You couldn’t ask for a more wonderful spring day to sit down, just outside of Union Square, for a good chat about music. Between the breeze and the sirens, a New York City summer is clearly on the horizon, and a certain sense of calm lives in the air. I was a little worried about the noise of being outside, but honestly, it was more entertaining for me to see Drake Margolnick (guitar and vocals) and Michael Finster (drums) of Flagship reacting to the constant noise and movement of our city. These guys hail from North Carolina, and have been playing together since 2011, when Drake stood in for a show with Michael’s former band. The duo has been playing together ever since. While the group has seen many outfits over the years in regards to membership, these two hold down the fort quite well.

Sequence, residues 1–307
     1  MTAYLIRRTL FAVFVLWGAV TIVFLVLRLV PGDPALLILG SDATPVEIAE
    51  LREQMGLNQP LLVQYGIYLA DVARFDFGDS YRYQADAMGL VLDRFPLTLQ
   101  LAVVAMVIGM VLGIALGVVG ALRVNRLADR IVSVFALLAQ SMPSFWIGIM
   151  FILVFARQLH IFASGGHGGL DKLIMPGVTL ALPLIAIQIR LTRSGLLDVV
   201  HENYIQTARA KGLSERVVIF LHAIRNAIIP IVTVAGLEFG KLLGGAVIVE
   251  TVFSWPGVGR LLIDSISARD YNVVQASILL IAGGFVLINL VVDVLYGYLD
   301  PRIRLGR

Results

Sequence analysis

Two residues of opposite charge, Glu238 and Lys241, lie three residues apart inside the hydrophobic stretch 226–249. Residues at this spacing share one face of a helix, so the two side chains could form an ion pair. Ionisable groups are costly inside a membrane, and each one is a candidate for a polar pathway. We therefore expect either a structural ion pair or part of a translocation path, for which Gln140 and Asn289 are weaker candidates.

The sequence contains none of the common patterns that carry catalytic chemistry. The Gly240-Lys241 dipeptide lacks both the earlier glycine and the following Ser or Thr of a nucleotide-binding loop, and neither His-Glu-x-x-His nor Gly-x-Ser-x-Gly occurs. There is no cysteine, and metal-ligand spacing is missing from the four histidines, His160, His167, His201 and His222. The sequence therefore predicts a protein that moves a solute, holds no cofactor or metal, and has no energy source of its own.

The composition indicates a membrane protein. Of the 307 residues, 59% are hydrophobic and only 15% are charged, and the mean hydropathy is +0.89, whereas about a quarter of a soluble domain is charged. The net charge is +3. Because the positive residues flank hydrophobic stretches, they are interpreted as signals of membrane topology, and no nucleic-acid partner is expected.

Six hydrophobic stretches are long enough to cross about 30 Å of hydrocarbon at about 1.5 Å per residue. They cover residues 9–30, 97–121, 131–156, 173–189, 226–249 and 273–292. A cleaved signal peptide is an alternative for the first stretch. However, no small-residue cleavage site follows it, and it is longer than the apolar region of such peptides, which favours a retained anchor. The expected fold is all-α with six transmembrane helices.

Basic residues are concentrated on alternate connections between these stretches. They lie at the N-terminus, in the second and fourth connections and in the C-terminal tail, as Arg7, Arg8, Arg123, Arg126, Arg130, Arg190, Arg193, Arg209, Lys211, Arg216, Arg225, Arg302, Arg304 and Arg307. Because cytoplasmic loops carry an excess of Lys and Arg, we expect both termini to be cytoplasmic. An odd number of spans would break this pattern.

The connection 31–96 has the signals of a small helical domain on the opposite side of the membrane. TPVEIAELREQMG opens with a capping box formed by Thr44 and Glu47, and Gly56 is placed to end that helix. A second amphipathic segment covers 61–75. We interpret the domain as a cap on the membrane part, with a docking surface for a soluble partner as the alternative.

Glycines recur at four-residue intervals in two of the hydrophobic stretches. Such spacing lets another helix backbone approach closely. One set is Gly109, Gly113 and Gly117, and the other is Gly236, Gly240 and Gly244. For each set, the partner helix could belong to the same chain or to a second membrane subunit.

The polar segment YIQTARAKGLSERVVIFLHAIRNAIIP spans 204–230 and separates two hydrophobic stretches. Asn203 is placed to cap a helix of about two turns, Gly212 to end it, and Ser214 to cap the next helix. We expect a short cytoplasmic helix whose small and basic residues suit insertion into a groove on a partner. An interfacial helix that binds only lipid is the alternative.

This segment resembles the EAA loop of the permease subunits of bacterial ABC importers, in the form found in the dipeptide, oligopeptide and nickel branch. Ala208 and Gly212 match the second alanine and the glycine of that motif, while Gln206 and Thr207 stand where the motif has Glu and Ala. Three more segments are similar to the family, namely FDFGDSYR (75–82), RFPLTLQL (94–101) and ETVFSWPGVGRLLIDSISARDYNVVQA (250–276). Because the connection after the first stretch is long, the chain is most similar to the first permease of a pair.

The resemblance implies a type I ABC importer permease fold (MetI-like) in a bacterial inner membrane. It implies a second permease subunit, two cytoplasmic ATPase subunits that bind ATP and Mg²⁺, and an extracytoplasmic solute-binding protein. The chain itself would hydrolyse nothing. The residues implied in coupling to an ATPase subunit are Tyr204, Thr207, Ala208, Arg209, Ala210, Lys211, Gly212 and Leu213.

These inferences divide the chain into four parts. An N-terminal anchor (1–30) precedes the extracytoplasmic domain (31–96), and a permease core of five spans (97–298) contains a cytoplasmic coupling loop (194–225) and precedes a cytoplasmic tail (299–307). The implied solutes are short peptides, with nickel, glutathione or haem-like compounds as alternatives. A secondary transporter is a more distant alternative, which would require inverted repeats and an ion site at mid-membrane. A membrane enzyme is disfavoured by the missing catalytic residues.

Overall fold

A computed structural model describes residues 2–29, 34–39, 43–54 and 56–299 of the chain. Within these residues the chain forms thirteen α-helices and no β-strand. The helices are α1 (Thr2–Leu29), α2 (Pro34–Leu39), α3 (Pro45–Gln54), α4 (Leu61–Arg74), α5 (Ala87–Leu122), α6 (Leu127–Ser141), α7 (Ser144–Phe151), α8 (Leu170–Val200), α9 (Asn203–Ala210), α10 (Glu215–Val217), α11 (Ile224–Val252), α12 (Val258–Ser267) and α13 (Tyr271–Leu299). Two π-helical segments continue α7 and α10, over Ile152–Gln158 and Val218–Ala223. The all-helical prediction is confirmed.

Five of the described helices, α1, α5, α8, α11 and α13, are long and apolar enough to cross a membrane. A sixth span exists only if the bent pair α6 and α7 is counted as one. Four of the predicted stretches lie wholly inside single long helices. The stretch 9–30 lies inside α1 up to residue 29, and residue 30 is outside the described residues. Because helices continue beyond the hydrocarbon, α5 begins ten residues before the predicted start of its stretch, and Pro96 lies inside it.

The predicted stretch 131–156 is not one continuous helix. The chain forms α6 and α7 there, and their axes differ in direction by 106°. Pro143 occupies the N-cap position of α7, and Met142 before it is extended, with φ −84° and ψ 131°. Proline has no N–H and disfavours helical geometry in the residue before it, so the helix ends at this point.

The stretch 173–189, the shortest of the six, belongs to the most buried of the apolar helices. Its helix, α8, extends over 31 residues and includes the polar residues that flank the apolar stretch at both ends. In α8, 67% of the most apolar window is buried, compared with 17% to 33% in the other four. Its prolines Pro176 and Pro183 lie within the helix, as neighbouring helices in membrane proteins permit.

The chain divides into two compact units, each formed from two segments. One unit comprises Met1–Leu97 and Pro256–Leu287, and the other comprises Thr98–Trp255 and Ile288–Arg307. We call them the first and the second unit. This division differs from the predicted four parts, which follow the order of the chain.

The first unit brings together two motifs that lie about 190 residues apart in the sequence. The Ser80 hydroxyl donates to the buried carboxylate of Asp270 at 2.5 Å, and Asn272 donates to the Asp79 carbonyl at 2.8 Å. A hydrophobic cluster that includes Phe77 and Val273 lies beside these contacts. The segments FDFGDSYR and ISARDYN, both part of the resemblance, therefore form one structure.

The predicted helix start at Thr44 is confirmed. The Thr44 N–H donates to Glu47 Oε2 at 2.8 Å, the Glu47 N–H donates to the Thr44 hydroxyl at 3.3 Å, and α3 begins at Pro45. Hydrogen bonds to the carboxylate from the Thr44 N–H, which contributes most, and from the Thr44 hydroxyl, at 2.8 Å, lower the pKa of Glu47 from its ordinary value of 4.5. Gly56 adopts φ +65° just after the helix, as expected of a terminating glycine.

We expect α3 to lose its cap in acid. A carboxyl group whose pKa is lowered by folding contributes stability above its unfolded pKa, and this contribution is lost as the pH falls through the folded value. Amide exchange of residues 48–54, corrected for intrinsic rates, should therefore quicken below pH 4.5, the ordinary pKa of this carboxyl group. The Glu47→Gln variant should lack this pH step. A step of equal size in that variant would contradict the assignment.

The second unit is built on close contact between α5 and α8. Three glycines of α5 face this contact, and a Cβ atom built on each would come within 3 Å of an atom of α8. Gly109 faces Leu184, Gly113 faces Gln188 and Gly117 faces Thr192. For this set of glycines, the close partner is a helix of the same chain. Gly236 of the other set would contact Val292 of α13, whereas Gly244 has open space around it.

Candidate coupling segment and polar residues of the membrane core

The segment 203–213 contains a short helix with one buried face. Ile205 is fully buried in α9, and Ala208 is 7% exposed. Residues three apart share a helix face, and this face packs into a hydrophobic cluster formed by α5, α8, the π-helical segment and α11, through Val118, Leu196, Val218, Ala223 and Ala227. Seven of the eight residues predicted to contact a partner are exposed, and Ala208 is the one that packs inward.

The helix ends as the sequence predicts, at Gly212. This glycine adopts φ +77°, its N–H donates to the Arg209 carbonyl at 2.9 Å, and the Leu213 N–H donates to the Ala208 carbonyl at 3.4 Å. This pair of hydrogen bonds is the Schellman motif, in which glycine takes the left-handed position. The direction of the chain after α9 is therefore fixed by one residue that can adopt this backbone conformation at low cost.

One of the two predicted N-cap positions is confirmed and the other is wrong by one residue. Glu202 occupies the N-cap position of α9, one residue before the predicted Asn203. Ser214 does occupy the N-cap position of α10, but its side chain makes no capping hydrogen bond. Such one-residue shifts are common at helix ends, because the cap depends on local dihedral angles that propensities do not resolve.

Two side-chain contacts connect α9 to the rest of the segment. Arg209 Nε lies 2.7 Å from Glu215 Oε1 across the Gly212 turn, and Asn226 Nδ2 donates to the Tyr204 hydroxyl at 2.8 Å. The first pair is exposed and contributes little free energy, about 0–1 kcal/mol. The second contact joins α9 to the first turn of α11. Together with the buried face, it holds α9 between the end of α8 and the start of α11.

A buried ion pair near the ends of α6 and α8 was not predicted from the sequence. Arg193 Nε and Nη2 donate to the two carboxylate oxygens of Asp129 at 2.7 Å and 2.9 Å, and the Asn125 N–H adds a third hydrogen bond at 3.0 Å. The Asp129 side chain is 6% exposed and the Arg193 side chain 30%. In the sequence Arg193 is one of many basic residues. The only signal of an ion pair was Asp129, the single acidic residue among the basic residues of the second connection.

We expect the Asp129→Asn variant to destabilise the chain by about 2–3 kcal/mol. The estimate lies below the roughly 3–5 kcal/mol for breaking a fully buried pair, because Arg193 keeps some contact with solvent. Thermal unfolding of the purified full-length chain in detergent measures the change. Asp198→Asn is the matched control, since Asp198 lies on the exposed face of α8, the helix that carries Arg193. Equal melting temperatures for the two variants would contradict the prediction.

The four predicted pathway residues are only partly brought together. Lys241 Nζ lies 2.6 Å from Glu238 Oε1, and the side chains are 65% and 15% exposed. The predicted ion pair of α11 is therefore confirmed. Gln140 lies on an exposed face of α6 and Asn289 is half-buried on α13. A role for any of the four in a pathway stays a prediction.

We began talking about their music, of course, and I was so taken by what Drake and Michael had to say about the cultivation of their sound and how they go about creating music. Music is universal, and gives such a real insight into your emotions, as well as the emotions of others. Michael described how music inspires him in a different way every day: “Music, for me, is sometimes an escape. If you’re not feeling great, you might want to listen to something that pumps you up, or you might want a soundtrack to your depression. It’s different every day.” Drake spoke more about what inspires him by discussing the musical legacy he wants to leave: “All the music that I rage out to is timeless, and it’s not necessarily from an all encompassing scene or certain time in music. That’s what I’d like to create; something that’ll be around for a long time and people will still listen to it. Leave a good legacy, write good music and have a lot of fun doing it.” When we spoke more specifically about their music, the guys continued to keep me fascinated, as it was obvious how much heart they put into what they do. Michael elaborated on this by saying, “I feel like what we create is so special to who we are and what we feel.” Drake added, “We like the music to be almost a spiritual experience at times. Sometimes we want to make people reflect. It needs to be alive and genuine. Music is all about humanity, and every aspect of that should be in an album.”